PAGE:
Published: Tue, March 20, 2018
World News | By Laverne Osborne

Trump to Sessions: Seek death penalty for drug trafficking 'where appropriate'

Trump to Sessions: Seek death penalty for drug trafficking 'where appropriate'

"But if we don't get tough on the drug dealers, we're wasting our time", he said.

"Some of these drug dealers will kill thousands of people during their lifetimes", Trump said Monday at a community college in Manchester, New Hampshire.

David Safavian, deputy director for the American Conservative Union Foundation's Center for Criminal Justice Reform, said Trump's plan had some good parts, including focusing on addiction as a way to lower crime rates.

To reduce the supply of foreign fentanyl, Mr. Trump wants to require advanced electronic data on 90 percent of packages that enter the USA, so customs agents can target suspicious drug shipments.

Trump went on to muse that it was odd that those who murder individuals receive life sentences or the death penalty while dealers, whom Trump claimed kill "thousands of people", receive lesser forms of punishment.

This will be his first visit to New Hampshire as president.

Trump's victory in the Granite State's 2016 GOP primary set his campaign on a course to win the nomination.

The White House has begun to call it the crisis next door, creating a website by the same name where people can share their personal stories dealing with opioids.

He added, "every dollar that we waste on these failed policies of the past is a dollar that we do not have for proved programs of education and treatment".

Mrs. Trump spoke about her visits to hospitals and clinics that help children who were born addicted to opioids.

The president made his announcement in New Hampshire, a state hit hard by opioids and an early marker for the re-election campaign he has already announced.

Trump chose to sack McMaster, says report
His economic nationalism became the lynchpin of Trump policies, even as many of his other ideas were rebuffed by policy rivals. Several reports recently have indicated that McMaster could be the next top official to leave the White House.

Republican hailed Mr. Trump's speech as a step forward, while Democrats reacted with guarded optimism, saying the president seems to be getting serious about the epidemic but should put treatment ahead of extra-punitive measures.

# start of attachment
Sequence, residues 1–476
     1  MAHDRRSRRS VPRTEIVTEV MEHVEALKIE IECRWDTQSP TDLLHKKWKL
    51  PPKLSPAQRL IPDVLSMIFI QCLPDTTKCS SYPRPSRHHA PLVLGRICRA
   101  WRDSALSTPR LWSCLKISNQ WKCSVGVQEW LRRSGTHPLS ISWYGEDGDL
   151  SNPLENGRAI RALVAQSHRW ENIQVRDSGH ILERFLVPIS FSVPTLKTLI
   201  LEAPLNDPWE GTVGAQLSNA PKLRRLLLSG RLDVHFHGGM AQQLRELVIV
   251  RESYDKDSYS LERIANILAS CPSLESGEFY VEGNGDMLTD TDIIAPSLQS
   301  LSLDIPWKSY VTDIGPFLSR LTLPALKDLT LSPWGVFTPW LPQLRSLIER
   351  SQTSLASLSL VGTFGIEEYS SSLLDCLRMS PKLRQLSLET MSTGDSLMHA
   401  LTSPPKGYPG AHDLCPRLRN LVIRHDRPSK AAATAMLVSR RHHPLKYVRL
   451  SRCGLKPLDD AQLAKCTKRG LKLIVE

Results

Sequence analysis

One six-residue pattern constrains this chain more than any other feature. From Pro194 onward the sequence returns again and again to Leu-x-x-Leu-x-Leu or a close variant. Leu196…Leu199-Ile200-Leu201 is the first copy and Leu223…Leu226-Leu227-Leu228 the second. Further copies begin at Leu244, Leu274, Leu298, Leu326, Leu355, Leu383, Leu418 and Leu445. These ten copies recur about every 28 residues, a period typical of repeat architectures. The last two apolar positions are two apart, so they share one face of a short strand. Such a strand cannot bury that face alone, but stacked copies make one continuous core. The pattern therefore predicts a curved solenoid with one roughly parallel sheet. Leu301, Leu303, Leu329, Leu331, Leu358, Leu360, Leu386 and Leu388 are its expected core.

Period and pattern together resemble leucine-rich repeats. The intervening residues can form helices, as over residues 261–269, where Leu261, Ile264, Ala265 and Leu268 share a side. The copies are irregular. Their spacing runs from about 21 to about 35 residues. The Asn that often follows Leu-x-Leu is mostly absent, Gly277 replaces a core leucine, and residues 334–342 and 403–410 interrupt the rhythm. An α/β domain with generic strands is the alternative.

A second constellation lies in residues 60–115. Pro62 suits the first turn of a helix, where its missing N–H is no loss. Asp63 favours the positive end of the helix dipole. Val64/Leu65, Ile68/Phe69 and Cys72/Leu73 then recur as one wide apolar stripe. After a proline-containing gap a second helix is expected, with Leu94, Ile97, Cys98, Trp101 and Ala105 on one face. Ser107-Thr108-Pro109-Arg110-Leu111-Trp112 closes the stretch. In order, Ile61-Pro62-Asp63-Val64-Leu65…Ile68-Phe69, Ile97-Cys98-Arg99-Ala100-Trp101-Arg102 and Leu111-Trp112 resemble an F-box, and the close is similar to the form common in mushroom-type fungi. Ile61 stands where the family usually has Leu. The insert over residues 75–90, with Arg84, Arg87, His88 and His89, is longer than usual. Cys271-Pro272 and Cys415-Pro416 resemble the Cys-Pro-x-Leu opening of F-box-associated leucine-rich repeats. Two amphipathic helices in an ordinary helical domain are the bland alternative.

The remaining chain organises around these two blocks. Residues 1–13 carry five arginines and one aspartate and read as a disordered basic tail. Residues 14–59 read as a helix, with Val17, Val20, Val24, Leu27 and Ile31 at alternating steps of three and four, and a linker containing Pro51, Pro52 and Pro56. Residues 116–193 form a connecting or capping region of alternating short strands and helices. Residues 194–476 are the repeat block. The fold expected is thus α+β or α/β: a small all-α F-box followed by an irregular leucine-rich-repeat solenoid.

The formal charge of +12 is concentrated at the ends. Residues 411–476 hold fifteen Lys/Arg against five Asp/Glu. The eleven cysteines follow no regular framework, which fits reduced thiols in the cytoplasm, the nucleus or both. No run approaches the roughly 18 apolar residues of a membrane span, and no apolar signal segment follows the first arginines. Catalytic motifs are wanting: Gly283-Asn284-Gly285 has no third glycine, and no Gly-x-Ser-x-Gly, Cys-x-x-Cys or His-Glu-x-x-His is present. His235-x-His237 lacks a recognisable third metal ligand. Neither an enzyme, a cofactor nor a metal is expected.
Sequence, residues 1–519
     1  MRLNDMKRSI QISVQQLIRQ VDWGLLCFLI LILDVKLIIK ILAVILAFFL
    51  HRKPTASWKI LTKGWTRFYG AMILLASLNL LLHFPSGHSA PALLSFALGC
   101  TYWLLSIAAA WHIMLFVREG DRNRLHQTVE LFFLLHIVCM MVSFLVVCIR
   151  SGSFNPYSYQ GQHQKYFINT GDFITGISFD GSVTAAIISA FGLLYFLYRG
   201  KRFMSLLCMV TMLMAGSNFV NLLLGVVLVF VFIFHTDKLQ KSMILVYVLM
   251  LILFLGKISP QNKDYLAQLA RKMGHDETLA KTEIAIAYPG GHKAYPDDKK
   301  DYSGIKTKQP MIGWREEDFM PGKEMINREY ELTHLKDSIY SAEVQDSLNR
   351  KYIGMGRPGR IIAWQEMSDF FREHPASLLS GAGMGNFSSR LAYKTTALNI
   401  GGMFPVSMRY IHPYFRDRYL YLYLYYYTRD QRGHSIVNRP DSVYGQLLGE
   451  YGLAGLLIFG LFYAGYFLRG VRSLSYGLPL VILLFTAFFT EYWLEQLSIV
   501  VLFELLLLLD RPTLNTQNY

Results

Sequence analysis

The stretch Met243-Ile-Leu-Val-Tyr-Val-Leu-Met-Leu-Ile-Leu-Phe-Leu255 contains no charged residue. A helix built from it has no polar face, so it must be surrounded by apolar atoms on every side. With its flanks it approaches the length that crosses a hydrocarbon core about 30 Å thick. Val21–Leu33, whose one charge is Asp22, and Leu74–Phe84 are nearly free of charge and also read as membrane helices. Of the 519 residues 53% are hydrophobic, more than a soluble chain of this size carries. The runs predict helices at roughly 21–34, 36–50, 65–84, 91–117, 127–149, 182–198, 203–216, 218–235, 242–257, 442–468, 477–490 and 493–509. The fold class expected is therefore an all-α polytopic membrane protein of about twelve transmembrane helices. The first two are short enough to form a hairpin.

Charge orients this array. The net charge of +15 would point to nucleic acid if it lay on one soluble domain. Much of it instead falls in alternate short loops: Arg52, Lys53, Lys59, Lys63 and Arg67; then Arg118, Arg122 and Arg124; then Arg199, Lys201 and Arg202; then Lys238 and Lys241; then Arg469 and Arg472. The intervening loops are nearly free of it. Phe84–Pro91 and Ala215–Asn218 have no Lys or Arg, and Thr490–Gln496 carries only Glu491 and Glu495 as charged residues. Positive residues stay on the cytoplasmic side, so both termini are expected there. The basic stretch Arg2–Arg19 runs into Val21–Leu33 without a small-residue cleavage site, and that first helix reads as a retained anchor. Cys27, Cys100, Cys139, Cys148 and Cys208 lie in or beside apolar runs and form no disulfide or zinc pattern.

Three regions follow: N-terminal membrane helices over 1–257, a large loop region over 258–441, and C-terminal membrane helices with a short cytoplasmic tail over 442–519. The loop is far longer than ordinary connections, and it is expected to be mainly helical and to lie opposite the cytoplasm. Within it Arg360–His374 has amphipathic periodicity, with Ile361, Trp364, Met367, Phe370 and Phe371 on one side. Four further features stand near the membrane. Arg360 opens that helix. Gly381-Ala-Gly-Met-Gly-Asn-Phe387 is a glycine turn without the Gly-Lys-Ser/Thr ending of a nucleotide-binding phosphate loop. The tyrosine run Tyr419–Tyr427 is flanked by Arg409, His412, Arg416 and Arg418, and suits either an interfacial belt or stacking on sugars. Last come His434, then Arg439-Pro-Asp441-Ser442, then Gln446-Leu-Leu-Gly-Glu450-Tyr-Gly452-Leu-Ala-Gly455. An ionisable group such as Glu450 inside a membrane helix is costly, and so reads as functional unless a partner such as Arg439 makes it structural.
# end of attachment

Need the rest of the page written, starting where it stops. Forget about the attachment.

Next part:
President Trump praised countries with "zero tolerance for drug dealers" who use the death penalty on drug dealers, and lobbied for the U.S.to use it on March 19.

The National Institute on Drug Abuse concluded that more than 64,000 people in the United States died a year ago of drug overdoses.

He made similar comments at a recent White House summit on opioids.

Most polls show Trump's approval rating hovering around 40 per cent, with supporters and opponents expressing intense feelings either way.

"We will not incarcerate or execute our way out of the opioid epidemic", Democratic senator Ed Markey said last week. "So we're going to have to be very strong on penalties".

"Every day, sanctuary cities release unsafe individuals, drug dealers, traffickers, gang members back into our communities". Some legal scholars have said the issue may need to be decided by the U.S. Supreme Court.

According to the Centers for Disease Control and Prevention, 42,000 people died from opioid overdoses in 2016, the latest year with publicly available data.

The administration was criticized for not doing enough after declaring a public health emergency five months ago.

"We call it the crisis next door because everyone knows someone", said Kellyanne Conway, a Trump senior adviser. Trump's plan includes expanded access to medication-assisted treatment, where people are slowly weaned off opioids under a doctor's supervision or given an injection of a medication that blocks opioids from working on the brain. It follows a visit to the state last week by retiring Sen. "This is no longer somebody else's community, somebody else's kid, somebody else's co-worker". On opioid overprescribing, the plan asks that 75% of opioid prescriptions that are reimbursed by federal healthcare programs over the next three years be written using best practices.

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